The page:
I’ve always been curious about selling, the complex kind, the kind with long sales cycle, very expensive(typically $100,000 or more) contracts, those needing multiple signatures. I’ve read a number of business books on the topic and these are the three that stand out.
What I like about Strategic Selling by Robert Miller, is he breaks down the complex sales process systematically, which appeals to me. He gives us a framework for thinking where the product’s positioning in the market. The different influencers within a customer’s company, and how to approach them. Now the sales process is broken into distinct steps where progress can be quantifiable. Though the quantifying step is still a judgement call. After reading the book, I realised that sales is a process that is repeatable.
SPIN selling by Neil Rackham is published in the 1980s. Though that is a long time ago, I find that its wisdom is relevant today. After all, companies still sell to people today. Sales in the early days, thought that to sell more, sales people needs to be good at closing. Neil Rackham rejected that perception by collecting real world data and coming to the conclusion that the conventional closing methods don’t work. SPIN selling is a methodology of framing the questions to ask your customers such that the customer reveals important information and indirectly be convinced of the need to buy. Fantastic book, with a lot of rigour in its methods. Sadly I find such rigour sorely missing in business books.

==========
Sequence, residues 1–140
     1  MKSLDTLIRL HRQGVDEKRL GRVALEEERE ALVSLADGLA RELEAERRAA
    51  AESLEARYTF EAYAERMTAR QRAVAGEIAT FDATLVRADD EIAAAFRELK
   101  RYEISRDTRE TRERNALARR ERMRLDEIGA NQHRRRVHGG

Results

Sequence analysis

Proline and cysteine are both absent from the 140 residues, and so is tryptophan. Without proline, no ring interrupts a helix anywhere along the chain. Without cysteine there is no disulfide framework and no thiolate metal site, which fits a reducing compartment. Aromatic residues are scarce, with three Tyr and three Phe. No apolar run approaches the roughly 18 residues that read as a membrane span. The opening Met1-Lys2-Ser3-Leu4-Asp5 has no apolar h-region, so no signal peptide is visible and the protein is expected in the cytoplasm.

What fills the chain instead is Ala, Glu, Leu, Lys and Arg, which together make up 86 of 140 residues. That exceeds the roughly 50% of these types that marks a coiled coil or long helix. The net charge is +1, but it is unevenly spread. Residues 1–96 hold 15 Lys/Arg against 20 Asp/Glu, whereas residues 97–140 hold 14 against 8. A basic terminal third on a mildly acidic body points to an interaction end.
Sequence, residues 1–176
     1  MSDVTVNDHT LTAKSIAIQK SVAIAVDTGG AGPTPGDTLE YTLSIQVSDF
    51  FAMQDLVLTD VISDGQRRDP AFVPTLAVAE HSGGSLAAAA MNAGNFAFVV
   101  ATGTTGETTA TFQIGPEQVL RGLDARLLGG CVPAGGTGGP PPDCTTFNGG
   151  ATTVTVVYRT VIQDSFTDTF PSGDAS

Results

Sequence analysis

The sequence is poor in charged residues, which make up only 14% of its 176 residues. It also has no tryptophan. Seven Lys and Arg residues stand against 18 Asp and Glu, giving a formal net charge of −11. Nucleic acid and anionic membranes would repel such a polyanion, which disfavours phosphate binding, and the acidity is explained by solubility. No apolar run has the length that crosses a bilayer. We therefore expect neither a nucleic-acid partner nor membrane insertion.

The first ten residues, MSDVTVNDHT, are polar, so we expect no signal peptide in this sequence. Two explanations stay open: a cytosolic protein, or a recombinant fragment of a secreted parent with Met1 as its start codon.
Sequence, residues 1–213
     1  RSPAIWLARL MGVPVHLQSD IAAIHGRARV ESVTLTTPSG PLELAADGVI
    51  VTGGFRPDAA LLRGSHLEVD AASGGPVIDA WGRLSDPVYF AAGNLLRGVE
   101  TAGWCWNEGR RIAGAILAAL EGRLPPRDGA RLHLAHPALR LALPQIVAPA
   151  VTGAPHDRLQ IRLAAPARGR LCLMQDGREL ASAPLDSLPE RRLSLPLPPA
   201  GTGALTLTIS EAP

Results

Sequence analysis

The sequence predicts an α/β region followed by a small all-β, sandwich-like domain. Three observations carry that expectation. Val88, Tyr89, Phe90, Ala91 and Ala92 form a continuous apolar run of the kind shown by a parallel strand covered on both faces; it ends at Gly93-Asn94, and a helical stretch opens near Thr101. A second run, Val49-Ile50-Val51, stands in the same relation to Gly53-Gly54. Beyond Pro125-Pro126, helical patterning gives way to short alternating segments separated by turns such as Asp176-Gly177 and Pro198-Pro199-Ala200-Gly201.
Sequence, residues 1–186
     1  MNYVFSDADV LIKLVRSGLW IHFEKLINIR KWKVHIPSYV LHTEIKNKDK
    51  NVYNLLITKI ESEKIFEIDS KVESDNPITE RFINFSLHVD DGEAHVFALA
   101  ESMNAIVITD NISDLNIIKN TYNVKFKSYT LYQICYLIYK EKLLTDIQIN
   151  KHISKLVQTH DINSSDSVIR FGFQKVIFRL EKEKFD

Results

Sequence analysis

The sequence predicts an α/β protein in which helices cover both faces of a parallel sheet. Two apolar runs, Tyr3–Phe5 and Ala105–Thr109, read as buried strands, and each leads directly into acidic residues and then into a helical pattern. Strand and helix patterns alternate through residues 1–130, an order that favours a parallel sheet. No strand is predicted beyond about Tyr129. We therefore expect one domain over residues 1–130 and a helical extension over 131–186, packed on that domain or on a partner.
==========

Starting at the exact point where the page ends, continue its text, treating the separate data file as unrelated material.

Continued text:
Challenger Sales Model by Matthew Dixon and Brent Adamson is the predecessor of SPIN selling. It is heavily influenced by SPIN. It is not a replacement, depending on the sitation, you can use either SPIN or Challenger. Challenger Sales Model is great for businesses stuck in a commodity business, business selling products or services with little differentiation. It prompts you to think more strategically, becoming a partner of your customer and not only doing transactional sales where you are just a price number to them.
Are they effective?
Disclaimer, I’m not a veteran salesperson. However I’ve asked my friends who have been selling for 10-20 years. There is the viewpoint that Sales is a skill learned by doing, true in all careers. My friend don’t follow any framework strictly, but acts from experience. To him, there is no need to learn these frameworks. Another friend though, feels that they are useful. He introduced these frameworks into his sales team. But again, every situation is different and this is where experience comes in play.
These books cover different aspects of selling. Strategic Selling covers the selling process from a bird’s eye view. SPIN selling helps when you don’t know your customer. Challenger works for those who knows their customers well. Rather than pick one, my suggestion is you read all of them. It never hurts to learn more.